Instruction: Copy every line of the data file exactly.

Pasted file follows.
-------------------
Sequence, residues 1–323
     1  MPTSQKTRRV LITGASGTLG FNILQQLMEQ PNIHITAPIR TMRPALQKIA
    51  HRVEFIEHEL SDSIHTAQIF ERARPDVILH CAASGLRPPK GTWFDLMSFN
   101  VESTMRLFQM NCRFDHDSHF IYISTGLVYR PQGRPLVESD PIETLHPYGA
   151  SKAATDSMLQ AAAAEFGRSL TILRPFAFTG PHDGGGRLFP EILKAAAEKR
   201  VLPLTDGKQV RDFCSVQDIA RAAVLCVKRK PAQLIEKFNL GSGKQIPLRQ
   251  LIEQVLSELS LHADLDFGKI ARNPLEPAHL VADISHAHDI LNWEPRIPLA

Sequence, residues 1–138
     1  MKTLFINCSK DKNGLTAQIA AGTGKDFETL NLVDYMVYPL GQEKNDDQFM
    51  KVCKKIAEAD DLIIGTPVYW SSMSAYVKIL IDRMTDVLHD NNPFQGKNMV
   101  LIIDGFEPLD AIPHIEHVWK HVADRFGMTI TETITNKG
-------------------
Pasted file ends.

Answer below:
Sequence, residues 1–323
     1  MPTSQKTRRV LITGASGTLG FNILQQLMEQ PNIHITAPIR TMRPALQKIA
    51  HRVEFIEHEL SDSIHTAQIF ERARPDVILH CAASGLRPPK GTWFDLMSFN
   101  VESTMRLFQM NCRFDHDSHF IYISTGLVYR PQGRPLVESD PIETLHPYGA
   151  SKAATDSMLQ AAAAEFGRSL TILRPFAFTG PHDGGGRLFP EILKAAAEKR
   201  VLPLTDGKQV RDFCSVQDIA RAAVLCVKRK PAQLIEKFNL GSGKQIPLRQ
   251  LIEQVLSELS LHADLDFGKI ARNPLEPAHL VADISHAHDI LNWEPRIPLA

Sequence, residues 1–138
     1  MKTLFINCSK DKNGLTAQIA AGTGKDFETL NLVDYMVYPL GQEKNDDQFM
    51  KVCKKIAEAD DLIIGTPVYW SSMSAYVKIL IDRMTDVLHD NNPFQGKNMV
   101  LIIDGFEPLD AIPHIEHVWK HVADRFGMTI TETITNKG